All posts for the month November, 2012

Phlegraean Fields

Published November 24, 2012 by Tony


Phlegraean Fields

The “Campi Flegrei” (Phlegraean Fields), is a large area of volcanic north-west of the city of Naples, like a peninsula. The word “flegrei” comes from the greek Flego which means “burn”. In the area are still recognizable least twenty-four between craters and volcanic structures, some of which have effusive gaseous manifestations (area of ​​Solfatara) or hydrothermal (Agnano, Pozzuoli, Lucrino) and are due to the phenomenon of bradyseism (very recognizable for its size in the past the so-called temple of Serapis at Pozzuoli). Geologically the area of the Phlegraean Fields caldera is a large quiescent with a diameter of 12-15 km in the main part, where there are numerous craters, small volcanic structures and volcanism areas subject to a secondary (fumaroles, hot springs , bradyseism …). Throughout the area are important visible deposits of volcanic origin as the Campanian Grey Tuff (or Ignimbrite Campana) or Yellow Tuff. In the area there are lakes of volcanic origin (Lago d’Averno), and lakes originated for dam (Lake Fusaro, Lake Lucrino and Lake Miseno).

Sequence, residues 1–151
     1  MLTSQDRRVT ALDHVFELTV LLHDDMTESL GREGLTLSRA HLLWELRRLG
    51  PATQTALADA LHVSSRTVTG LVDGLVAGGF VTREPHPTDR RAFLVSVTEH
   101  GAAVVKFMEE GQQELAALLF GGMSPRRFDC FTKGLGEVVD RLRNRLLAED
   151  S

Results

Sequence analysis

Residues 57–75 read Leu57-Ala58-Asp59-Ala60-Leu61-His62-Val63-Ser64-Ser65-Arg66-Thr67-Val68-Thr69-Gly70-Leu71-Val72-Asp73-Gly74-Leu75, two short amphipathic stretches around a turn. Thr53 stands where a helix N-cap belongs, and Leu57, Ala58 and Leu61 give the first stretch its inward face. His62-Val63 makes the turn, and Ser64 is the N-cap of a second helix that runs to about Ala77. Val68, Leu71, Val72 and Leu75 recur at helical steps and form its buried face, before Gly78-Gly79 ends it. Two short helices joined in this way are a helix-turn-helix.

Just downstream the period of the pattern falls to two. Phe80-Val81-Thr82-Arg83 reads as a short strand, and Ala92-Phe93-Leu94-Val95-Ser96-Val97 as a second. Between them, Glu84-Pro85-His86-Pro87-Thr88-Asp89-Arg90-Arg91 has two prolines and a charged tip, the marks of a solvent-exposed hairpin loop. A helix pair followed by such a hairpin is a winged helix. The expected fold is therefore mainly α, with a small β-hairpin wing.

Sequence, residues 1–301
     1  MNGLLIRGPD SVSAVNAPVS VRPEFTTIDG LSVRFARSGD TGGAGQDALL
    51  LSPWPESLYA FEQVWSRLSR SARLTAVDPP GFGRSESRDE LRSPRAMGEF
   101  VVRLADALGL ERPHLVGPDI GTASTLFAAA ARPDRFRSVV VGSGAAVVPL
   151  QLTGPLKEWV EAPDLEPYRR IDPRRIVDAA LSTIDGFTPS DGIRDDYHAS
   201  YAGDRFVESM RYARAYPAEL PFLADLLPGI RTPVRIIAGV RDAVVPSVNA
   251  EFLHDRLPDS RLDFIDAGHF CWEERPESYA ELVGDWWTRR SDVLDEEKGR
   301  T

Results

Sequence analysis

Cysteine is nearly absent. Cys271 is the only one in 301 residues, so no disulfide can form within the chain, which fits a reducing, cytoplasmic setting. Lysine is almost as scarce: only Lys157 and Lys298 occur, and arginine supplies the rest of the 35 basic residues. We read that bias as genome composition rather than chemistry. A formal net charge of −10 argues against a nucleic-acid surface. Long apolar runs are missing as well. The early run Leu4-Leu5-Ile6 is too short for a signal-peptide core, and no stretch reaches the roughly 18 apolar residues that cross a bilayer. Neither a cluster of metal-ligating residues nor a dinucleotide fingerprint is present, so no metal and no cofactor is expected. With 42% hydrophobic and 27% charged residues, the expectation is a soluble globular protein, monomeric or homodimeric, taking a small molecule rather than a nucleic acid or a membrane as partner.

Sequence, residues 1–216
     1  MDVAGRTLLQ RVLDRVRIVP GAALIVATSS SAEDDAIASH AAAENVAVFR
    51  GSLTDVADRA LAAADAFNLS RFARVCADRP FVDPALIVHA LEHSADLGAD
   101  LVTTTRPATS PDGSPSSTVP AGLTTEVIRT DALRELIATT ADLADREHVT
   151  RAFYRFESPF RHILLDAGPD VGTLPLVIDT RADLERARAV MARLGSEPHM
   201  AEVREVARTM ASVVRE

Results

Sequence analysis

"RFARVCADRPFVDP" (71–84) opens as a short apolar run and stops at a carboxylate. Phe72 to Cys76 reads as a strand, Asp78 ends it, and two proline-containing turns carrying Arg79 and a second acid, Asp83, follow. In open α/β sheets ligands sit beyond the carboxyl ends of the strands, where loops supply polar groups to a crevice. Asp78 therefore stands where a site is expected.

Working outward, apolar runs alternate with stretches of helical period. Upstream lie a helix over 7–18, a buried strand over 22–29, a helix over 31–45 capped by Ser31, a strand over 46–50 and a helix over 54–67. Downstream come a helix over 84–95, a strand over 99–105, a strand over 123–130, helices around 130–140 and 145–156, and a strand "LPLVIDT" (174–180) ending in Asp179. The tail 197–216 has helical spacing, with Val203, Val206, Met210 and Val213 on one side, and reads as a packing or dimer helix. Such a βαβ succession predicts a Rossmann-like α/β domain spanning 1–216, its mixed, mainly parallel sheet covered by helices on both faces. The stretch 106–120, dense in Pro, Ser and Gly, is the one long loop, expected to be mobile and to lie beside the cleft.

Phlegraean Fields, lake Fusaro

Cuma and Baia are two archaeological sites in the province of Naples, Pozzuoli near the territory of which it is part, located in the volcanic area of Campi Flegrei.
In principle, Cuma is thought to have been founded around 740 BC, although the earliest archaeological evidence dates back to 725-720 BC
According to legend, the founders of Cuma was the Eubei of Chalcis under the guidance of Ippocle of Cuma and Megasthenes of Chalcis.
The city of Cuma was entirely directed toward the Acropolis, the highest part of every Greek city, situated in a very favorable geographical position, that is, on a hill near the sea.

In addition to the “Sybil Cave”, mentioned in the previous post, at Cumae, you can see:
Lake D’Averno, Grotto of Cocceius, the Temple of Zeus, the Temple of Apollo, the Roman Crypt, the Temple of Serapis or Macellum, The Forum with the Forum Baths and the Capitol, Arco Felice (Felix Arch).


lake averno

The lake takes its name from a deep, dark pit (currently unidentified) in its proximity and emanating sulphurous vapors, which, according to Greek and Roman religion, was access Netherworld, the realm of the god Pluto. For this reason the Roman underworld (Hades greek) are also called Hades.
In fact, even the poet Virgil in the sixth book of the Aeneid are close to the lake entrance to the mystical underworld where the hero Aeneas must go (scrupea, suit Lacu nigro nemorumque tenebris VI, 238). The name derives from the greek άορνος Avernus (‘no birds’) as the birds flying over the abyss die because of its sulfur fumes.